Cable and Satellite News

"Local into local" renewed: Direct broadcast satellite (DBS) services can continue to beam local stations to their subscribers, thanks to a renewal of the Satellite Home Viewer Enhancement and Reauthorization Act (SHVERA) by the US House of Representatives Telecommunications Subcommittee on Wednesday, April 28.

The "all or none" clause in the law requires them to carry all local stations if they carry any, and they must all be delivered to a single dish. SHVERA bars DBSers from offering local stations from other markets. Still unresolved is the issue of delivering distant digital signals to customers not yet able to get a digital signal, a service Echostar campaigned for. The FCC is studying that issue and will make a ruling sometime next year, according to Broadcast and Cable.

TBS and DISH Network: Turner Broadcasting System and Echostar Communications' DISH Network have signed a multi-year pact that will continue to provide TBS programming to DISH Network's 9.4 million subscribers. The deal includes CNN, CNN Headline News, Cartoon Network, Turner Classic Movies (TCM), Turner South, Boomerang, CNNfn, and CNN en Espanol. Michael Schwimmer, senior vice president of programming and marketing of EchoStar, and Andrew T. Heller, president domestic distribution, TBS, Inc., announced the agreement May 1.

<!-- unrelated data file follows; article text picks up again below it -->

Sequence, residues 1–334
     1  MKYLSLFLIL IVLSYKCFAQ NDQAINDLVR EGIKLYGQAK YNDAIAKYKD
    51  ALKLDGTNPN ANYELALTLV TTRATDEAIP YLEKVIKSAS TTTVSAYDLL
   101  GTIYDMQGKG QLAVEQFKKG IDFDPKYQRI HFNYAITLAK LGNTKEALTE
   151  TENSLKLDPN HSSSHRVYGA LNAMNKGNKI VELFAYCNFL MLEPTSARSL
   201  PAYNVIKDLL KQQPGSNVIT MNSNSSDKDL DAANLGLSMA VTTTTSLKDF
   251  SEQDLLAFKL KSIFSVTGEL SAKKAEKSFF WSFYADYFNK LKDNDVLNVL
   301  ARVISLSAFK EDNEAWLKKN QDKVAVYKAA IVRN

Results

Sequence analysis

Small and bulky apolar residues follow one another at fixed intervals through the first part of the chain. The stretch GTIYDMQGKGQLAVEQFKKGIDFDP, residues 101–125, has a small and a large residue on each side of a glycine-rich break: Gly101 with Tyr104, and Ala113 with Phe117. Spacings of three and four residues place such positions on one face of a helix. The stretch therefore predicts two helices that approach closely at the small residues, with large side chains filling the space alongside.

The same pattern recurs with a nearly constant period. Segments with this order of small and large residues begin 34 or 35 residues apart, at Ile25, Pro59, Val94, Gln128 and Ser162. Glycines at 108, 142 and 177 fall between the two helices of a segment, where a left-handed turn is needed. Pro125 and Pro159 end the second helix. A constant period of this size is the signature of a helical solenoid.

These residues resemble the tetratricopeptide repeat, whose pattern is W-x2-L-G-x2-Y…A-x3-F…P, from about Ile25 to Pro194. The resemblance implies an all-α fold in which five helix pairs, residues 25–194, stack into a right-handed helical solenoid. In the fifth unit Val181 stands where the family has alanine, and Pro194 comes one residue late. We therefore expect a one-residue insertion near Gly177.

"Turner Broadcasting has always been a great partner for DISH Network, and we are pleased that our new contract will continue and solidify the relationship," said Schwimmer. The sentiment was shared by Heller, who commented, "We're extremely pleased to have reached an agreement that supports DISH Network's strong commitment to deliver its customers a portfolio of networks and programming that is unmatched in value and quality."

Extension for Fritts: The National Association of Broadcasters (NAB) has extended the presidency of Eddie Fritts for two more years. Fritts won a new contract at the recent NAB convention in Las Vegas.

Comcast's Q1 report: One of the biggest cable providers in the US, Comcast Corporation enjoyed a 9.8% increase in revenue during the first fiscal quarter ended March 31, totaling $4.6 billion; with operating income from cable more than doubling to $702 million, according to figures released in late April. The Philadelphia-based cable giant expects big growth this year, despite the investment community's generally dour perspective on the cable industry.

During the first quarter, Comcast had "robust growth in both our video and high-speed Internet services and our ability to continue to generate significant operating improvements and scale efficiencies in our cable business," according to statements made by CEO Brian L. Roberts. The company added 35,000 basic cable subscribers during the quarter, 192,000 new digital subscribers and 394,000 new Comcast high-speed internet customers, Roberts noted. Revenues from the two services increased 21% and 42%, respectively, compared to the same period last year. The average Comcast subscriber pays $42.46 per month.